Years ago in the rain garden area of my prairie, I had native White Turtlehead (Chelone gabra) and Pink Turtlehead (Chelone oblique).* Over the years, as they’ve expanded their locations and moved closer to one another, the White Turtlehead seems to be changing. It has adopted a distinct white and pink variegated look. Even its leaves are changing.
Turtlehead (Chelone spp)
Turtlehead likes moist soil and partial or dappled sunlight, so it is perfect for rain gardens. It can also be grown successfully in shade gardens.
The leaves are opposite on the stem and droop slightly. They are typically rather long (about 6 inches). They are hairless and have a dark green upper surface color and a pale green lower surface. Each upright stem terminates in a spike of compact clusters of snapdragon-type flowers which are tubular in shape and have two-lipped petals, which give the blooms the appearance of a turtle’s head with an open mouth. Hence its common name. Each flower has a sparse pale yellow beard inside the lower lip.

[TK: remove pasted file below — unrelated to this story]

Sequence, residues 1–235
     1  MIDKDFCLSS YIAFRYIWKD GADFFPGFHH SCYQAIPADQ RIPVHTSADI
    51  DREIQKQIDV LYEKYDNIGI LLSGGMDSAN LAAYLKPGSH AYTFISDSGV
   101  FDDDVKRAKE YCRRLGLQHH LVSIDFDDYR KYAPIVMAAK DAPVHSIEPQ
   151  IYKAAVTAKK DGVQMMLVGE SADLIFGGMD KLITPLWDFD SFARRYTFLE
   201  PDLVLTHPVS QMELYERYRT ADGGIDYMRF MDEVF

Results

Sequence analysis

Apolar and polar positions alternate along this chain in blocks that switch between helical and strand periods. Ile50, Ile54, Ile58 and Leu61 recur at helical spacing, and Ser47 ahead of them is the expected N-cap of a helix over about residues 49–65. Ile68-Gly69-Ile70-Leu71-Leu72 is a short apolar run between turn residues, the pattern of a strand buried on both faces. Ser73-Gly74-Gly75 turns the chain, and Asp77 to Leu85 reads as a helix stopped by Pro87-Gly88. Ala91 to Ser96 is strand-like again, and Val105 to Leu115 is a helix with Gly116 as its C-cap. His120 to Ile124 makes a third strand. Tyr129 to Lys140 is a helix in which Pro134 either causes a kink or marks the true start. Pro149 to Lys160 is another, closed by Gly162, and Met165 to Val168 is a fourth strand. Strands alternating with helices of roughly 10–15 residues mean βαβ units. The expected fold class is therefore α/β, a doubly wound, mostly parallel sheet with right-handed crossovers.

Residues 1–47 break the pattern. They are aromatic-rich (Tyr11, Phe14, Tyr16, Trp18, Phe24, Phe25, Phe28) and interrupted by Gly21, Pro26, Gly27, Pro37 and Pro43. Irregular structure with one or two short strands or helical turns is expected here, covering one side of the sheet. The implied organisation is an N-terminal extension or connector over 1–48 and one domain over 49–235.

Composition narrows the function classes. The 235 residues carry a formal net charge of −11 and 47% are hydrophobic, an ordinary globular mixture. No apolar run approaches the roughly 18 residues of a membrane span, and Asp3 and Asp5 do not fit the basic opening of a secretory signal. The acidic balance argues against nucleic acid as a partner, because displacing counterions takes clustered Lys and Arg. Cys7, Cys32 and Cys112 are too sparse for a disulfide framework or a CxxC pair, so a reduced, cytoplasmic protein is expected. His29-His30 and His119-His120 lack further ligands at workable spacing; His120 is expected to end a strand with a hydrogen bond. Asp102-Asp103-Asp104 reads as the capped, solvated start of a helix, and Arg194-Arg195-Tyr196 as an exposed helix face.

Here in the Midwest, typically native turtlehead can be found in white and pink. Some of the white variety can have pink tinges. In the more Southern states, a red variety can be found. But here in yours truly’s yard, the White Turtlehead seems to have more than pink tinges. I haven’t seen it as a pure white species for a number of years. See the contrast below.
*Although the White Turtlehead was known to me to be native, because it came from a plant rescue in a remnant prairie area, the heritage of the Pink Turtlehead is unknown. It was a gift from a friend before the time either of us understood what made up a true native.